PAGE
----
March 2024

An extract from Steven L Herman’s Behind the White House Curtain: A Senior Journalist’s Story of Covering the President—and Why It Matters, coming from Kent State University Press in June.

The author. Photo by Sarah Silbiger

The ultimate privilege of traveling with the president is flying on Air Force One. After dozens of trips on the big bird, however, I can attest it is a mixed blessing. 

Those designated as poolers for the flights find their own way to Joint Base Andrews in Camp Springs, Maryland, a 12-mile drive from the White House. The president usually makes the trip in minutes on Marine One, escorted by two other Marine Corps helicopters. But if there is a weather call, then a motorcade, which includes a pair of press vans, is hastily arranged. The journalists who will fly on the plane are to report hours prior to takeoff at the base. They are welcome to drive their own vehicles onto the grounds of the military facility. There is also free parking convenient to the terminal for the duration of the trip – be it half a day or two weeks. When journalists arrive on base, they create their own escorted motorcade with hazard lights blinking but, unlike the presidential motorcade, observe all traffic signals and stop signs. 

As a frequent traveling pooler, I was issued a Defense Biometrics Identification System (DBIDS) card to show at the guard post, allowing me to drive directly to the terminal. Subsequent to the perfunctory flashing of credentials to get onto the base, there is a more rigorous screening after the press corps enters the terminal. Like at a civilian airport, our bags pass through a scanner and we walk through a metal detector. There is a second screening for our bags and bodies. 

The Secret Service’s PPD calls out the dogs. One canine, actually, who sniffs all the media’s equipment, which we line up on the floor for an olfactory inspection. After the dog has left, the journalists are “wanded”. A PPD agent uses a handheld metal detector as we stretch out our arms and hold our wallets and cell phones. 

There is usually a brief waiting period before we are escorted on foot to the tarmac. I snap a photo of the plane on my cell phone and email it to the pool. I make sure that the tail number of the aircraft is visible. This ensures that the media knows which Air Force One the president will be on. 

Any fixed-wing US Air Force aircraft the president is flying on is Air Force One, which is an aviation radio call sign. The vice president’s plane is Air Force Two. If the president’s spouse is flying solo, that plane is Executive One Foxtrot. 

The aircraft type and call sign occasionally are newsworthy. On October 17, 2018, First Lady Melania Trump’s plane was forced to return to Andrews because of smoke in the cabin. There was initial confusion as to what type of aircraft she was on as none of the reporters on board had sent out that information prior to takeoff. That’s why I suggested to other radio poolers when they have travel duty to always note the plane’s tail number.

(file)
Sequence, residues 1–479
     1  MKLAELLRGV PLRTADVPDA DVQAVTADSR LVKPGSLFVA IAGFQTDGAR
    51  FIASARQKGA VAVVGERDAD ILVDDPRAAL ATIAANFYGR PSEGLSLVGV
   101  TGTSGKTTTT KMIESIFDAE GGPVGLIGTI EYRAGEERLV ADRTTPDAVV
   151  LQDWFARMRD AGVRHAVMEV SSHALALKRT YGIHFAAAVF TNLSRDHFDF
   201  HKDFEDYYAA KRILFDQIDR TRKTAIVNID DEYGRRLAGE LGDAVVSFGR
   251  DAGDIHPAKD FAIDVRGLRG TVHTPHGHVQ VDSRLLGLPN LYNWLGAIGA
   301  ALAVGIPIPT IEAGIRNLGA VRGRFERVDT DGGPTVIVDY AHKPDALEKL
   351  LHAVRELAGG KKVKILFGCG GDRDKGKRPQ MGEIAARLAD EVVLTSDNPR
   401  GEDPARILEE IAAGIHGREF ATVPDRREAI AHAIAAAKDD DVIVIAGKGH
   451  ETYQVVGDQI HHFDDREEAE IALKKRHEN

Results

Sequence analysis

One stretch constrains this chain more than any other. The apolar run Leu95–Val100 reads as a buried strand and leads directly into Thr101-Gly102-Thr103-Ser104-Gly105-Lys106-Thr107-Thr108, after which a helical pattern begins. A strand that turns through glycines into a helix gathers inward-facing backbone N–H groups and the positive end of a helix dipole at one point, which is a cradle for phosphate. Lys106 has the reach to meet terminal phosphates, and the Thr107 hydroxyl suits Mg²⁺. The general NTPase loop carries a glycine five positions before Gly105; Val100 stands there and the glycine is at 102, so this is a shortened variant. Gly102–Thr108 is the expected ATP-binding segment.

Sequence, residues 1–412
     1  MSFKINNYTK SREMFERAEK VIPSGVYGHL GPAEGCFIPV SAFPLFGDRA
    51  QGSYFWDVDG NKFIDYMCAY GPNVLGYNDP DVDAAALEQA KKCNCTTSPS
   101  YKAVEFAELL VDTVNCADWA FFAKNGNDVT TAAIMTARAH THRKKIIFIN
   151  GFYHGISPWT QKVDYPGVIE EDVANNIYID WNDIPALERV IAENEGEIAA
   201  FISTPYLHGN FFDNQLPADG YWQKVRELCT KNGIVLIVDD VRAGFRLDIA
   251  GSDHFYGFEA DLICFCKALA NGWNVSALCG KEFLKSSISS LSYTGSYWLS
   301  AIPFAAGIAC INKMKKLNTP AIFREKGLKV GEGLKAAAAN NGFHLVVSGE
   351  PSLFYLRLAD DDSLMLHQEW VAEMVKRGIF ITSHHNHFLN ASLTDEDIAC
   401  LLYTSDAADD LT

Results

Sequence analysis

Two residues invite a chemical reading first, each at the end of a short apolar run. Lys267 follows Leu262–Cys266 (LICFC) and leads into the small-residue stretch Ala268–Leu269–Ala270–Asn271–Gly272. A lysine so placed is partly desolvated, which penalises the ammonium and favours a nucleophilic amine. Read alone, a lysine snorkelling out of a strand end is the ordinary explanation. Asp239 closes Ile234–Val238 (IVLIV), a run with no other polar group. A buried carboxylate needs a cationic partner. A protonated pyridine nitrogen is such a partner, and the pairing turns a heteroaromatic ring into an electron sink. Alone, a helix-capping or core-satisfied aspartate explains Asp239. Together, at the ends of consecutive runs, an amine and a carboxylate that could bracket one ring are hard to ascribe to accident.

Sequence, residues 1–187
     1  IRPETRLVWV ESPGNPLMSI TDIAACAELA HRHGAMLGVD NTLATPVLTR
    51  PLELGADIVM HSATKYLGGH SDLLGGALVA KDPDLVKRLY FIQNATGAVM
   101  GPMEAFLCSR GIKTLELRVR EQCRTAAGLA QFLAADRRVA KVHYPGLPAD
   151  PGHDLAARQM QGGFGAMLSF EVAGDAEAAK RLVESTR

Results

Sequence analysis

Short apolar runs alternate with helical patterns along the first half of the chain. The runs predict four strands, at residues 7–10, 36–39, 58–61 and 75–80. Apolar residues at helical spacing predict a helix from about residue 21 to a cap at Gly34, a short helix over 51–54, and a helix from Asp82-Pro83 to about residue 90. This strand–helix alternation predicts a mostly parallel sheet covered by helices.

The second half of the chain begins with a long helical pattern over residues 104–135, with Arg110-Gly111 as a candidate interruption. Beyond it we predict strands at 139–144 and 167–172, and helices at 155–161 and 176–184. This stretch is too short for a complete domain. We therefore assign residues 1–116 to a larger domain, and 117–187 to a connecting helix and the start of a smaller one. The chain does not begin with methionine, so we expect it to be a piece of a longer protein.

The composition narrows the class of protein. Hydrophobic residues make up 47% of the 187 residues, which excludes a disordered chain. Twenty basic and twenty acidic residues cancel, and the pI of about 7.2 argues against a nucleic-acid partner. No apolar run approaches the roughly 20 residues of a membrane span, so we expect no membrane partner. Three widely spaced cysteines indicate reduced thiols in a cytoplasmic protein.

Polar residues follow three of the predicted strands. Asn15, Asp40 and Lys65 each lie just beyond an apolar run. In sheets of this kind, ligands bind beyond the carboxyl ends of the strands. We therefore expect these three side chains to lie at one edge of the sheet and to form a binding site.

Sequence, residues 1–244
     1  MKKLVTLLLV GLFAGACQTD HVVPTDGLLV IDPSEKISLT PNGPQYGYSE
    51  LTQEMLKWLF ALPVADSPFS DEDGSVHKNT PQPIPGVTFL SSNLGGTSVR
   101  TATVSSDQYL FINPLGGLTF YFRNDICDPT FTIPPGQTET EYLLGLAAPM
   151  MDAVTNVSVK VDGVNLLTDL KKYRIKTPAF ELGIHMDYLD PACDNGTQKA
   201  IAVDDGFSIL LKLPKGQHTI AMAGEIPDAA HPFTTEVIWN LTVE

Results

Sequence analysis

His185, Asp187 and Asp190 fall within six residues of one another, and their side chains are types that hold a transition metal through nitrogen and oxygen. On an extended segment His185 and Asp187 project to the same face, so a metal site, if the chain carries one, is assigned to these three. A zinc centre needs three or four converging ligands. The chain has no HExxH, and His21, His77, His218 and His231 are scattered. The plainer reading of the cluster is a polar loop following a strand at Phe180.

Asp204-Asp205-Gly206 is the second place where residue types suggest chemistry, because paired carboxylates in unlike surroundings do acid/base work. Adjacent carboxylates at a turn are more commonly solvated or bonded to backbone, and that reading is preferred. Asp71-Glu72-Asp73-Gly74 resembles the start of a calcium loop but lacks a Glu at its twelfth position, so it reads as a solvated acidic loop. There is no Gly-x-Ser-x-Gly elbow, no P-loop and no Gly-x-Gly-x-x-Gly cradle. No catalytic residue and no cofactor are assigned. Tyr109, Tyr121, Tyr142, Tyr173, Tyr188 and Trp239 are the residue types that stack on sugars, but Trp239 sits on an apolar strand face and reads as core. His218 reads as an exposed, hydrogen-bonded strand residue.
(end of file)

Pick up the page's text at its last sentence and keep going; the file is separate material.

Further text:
The two big planes best known as Air Force One – with tail numbers 28000 and 29000 – are highly modified Boeing 747-200Bs. The Air Force designates these planes as VC-25As. Fully fueled, they each weigh 833,000 pounds at takeoff. It costs taxpayers $200,000 an hour to operate the big planes. For the shorter flights, a modified Boeing 757-200 is used (designated by the Air Force as a C-32). In all, there are four of these planes operated by the 1st Airlift Squadron of Andrews’s 89th Air- lift Wing. 

The final step of the boarding process for the press occurs at the back stairs. A member of the US Air Force ticks our names on a list, checking it against our presented identification. And with that we climb the steps, turn left, and find our assigned seat on which is usually placed a card with our surname. 

As the radio pooler I was in the press cabin’s third-row aisle seat, next to the Associated Press photographer, who had the window seat. The photographers will have an uneventful trip as they are permitted to take pictures in the plane only when there is a news conference, which TV can also tape. 

Most of the time the media events, be they with the president, members of his Cabinet, other VIPs, or the press secretary, are either off the record (nothing can be used), on background (only attributed to a “senior White House official”), or an on-the-record “gaggle”. 

White House reporter Steven L. Herman. Photo from the author’s collection

During a gaggle we can record audio (but not video), meaning that the radio pooler’s recording is precious. It sounds straightforward, but there can be confusion. Some presidents have generally eschewed speaking to reporters on the plane. Some prefer to keep it off the record and let their hair down, so to speak. (Lyndon Johnson was known for his coarse language, which could have never been used verbatim in the media of his time.) Trump frequently caused momentary panic for press aides and confusion among journalists when coaxed by a persuasive reporter to transform a not-for-publication comment into paragraphs that were releasable. Unless I was specifically prohibited on the plane, I kept a microphone near the president and a device recording the audio.